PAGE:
Over 100 high school students from across the 51st Senate District were in Springfield this week to try their hand at legislating, all as part of State Senator Chapin Rose’s (R-Mahomet) annual Youth Advisory Council program.
“One aspect of public service that I truly enjoy is the obligation to help the next generation come up and teach them, and show them how to be good citizens,” said State Senator Chapin Rose (R-Mahomet). “We hope they leave here with some inside understanding of how the law-making process works and the knowledge that if they’re so inclined, they can do this. These students represent the future leaders of our state and nation.”
The students began their day in Springfield by visiting the Illinois Senate chamber, learning from Senator Rose how session days and votes are conducted. After a brief tour of the Capitol, the students heard from various speakers involved in different aspects of the legislative process, then conducted a mock legislative committee hearing.
“I wanted to come today to see how the legislature works and what the capitol is about, and knowing what goes into it and what comes out of it,” said Arthur Lovington Atwood Hammond High School student Kaylee Yeakel. “I’m about to turn 18 and being an educated voter is really important and this has helped me learn a lot more about it.”
“I wanted to learn more about government and how it works, and the best way to learn is by doing it,” said Clinton High School student Krayton Carter. “This will teach me about how to work with others on things that we have differing opinions on, and to come together and find a conclusion that works for everyone.”
During the mock legislative hearing, students took on the various roles involved in the real process of passing laws, including serving as lawmakers, lobbyists, staffers, concerned citizens, members of the media, and even the governor.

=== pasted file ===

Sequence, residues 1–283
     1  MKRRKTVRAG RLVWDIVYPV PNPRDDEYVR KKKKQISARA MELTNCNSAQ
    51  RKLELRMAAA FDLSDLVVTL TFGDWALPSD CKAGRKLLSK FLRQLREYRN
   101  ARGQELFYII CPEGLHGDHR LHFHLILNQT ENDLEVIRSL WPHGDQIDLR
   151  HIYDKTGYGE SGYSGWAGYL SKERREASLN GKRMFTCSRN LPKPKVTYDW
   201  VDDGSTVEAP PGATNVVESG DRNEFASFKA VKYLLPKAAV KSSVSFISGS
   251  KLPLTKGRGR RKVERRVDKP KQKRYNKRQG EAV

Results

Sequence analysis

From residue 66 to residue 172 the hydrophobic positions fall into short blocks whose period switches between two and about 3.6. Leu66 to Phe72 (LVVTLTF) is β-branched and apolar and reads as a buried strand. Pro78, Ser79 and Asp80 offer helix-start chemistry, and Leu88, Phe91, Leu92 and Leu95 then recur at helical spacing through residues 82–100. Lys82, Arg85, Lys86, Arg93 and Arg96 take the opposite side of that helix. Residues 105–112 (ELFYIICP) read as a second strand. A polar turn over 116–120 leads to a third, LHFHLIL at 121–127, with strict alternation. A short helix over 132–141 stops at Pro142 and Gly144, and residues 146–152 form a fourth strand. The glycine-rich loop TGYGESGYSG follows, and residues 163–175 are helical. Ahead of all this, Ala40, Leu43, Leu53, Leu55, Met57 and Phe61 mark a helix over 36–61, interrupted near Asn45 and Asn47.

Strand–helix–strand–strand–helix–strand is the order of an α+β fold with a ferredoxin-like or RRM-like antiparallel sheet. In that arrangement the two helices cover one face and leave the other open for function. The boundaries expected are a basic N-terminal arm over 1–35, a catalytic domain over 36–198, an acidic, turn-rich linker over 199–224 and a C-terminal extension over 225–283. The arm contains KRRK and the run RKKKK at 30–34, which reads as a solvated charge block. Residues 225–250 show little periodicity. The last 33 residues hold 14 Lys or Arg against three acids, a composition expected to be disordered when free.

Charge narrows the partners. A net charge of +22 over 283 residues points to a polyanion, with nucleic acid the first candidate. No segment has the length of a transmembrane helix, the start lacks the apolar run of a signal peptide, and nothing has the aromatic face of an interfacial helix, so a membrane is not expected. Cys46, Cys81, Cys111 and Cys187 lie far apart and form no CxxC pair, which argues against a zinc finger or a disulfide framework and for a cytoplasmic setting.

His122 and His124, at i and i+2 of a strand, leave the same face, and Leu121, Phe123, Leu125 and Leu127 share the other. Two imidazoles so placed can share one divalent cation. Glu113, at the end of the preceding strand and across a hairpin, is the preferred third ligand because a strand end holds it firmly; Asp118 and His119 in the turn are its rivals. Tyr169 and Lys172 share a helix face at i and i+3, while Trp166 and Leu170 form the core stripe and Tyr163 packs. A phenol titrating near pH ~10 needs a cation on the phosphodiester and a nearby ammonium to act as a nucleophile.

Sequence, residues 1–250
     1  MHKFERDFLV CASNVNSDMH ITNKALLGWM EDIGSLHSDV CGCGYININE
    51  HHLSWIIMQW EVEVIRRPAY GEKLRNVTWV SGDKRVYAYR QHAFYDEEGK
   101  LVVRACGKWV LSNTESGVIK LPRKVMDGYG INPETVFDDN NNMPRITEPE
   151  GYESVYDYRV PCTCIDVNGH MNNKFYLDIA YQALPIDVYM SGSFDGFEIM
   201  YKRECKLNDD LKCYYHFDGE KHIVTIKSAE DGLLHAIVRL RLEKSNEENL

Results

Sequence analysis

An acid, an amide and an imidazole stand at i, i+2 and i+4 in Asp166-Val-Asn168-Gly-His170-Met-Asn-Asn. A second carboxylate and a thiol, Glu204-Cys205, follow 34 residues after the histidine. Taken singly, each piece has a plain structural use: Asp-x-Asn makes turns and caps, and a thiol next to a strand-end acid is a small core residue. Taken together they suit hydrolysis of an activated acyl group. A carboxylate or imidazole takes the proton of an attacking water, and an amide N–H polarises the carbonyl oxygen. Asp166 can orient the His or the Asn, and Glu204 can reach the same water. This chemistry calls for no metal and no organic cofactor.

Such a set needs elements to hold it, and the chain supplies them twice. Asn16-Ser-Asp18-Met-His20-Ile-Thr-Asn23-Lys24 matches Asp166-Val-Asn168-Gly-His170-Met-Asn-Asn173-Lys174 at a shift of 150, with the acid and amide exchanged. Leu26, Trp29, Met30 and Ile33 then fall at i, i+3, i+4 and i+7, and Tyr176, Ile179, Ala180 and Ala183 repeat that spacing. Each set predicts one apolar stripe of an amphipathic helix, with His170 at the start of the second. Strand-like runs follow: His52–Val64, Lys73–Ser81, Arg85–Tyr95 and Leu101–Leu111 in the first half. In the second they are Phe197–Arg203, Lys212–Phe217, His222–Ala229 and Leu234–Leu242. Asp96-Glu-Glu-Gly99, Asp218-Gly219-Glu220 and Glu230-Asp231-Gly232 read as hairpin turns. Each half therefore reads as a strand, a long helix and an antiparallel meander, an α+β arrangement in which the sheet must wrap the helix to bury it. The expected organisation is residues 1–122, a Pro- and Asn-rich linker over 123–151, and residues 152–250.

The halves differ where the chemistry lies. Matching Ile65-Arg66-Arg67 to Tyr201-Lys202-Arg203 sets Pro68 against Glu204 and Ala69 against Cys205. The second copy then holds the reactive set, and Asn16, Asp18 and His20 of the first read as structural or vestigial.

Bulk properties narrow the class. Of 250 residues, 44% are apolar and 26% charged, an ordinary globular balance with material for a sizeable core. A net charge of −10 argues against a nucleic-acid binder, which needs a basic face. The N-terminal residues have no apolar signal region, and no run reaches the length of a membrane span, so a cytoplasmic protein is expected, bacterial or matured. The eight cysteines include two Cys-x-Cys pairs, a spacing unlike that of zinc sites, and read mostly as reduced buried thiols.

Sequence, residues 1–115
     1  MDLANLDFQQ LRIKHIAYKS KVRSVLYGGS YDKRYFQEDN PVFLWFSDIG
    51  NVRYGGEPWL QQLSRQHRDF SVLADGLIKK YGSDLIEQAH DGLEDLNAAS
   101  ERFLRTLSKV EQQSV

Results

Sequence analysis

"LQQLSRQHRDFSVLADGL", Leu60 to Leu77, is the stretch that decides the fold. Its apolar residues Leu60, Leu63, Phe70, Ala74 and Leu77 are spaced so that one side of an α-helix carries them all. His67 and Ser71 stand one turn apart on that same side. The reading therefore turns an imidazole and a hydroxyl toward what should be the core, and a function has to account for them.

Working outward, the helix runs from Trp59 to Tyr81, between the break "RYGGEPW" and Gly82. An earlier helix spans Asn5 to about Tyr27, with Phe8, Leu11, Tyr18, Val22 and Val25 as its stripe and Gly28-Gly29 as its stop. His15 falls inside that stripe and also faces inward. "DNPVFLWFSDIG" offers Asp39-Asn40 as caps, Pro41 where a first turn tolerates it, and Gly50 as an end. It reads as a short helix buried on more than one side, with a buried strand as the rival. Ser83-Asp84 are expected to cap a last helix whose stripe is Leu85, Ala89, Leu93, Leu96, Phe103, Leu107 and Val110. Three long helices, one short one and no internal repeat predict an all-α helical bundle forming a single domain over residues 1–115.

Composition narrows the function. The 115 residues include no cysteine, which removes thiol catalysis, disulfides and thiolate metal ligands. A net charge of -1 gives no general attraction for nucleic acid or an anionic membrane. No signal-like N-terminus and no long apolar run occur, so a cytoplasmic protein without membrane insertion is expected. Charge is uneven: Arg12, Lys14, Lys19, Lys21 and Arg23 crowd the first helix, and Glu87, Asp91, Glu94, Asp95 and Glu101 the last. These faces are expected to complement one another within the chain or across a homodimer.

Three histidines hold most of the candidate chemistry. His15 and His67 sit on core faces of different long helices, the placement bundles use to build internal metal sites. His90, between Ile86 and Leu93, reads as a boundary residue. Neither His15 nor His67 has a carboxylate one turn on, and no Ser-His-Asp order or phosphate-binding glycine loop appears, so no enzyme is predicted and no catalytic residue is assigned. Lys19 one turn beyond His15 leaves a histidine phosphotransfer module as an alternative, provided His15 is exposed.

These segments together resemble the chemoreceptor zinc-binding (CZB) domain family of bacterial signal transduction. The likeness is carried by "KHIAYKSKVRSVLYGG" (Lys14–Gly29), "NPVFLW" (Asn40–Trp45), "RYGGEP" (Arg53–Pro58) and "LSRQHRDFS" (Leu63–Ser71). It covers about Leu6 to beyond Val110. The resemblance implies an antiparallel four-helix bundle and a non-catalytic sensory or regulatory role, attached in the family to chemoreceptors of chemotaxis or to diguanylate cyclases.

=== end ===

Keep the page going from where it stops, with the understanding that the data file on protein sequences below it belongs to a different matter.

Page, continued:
“I wanted to learn about the policies and politics involved in our local government. I might be interested in government, especially lobbying, so I thought it might be good to learn more about it,” said Mt. Zion High School student Sage Lauper-Cook.
“The communications skills are always critical, talking to the press talking the people, superiors, and just informing people, is a really great aspect of what I’ve learned today,” said Monticello High School student Briggs Fultz. “It’s totally a beneficial educational experience, I would highly recommend it.”
After detailed discussion, debate, and impassioned testimony, the students on the committee voted to advance a student proposal involving welfare reform.
“I hope they come away with a much broader understanding of government and democracy,” said Senator Rose. “There’s the old textbook idea of a majority votes for it, the Governor signs it and it becomes law. But it’s a much more difficult process than that, it’s a much broader process than that, and it’s a much longer process than that. So hopefully they leave with a better idea of how big the process is and how many people can be involved, and I hope they become involved themselves as they get older.”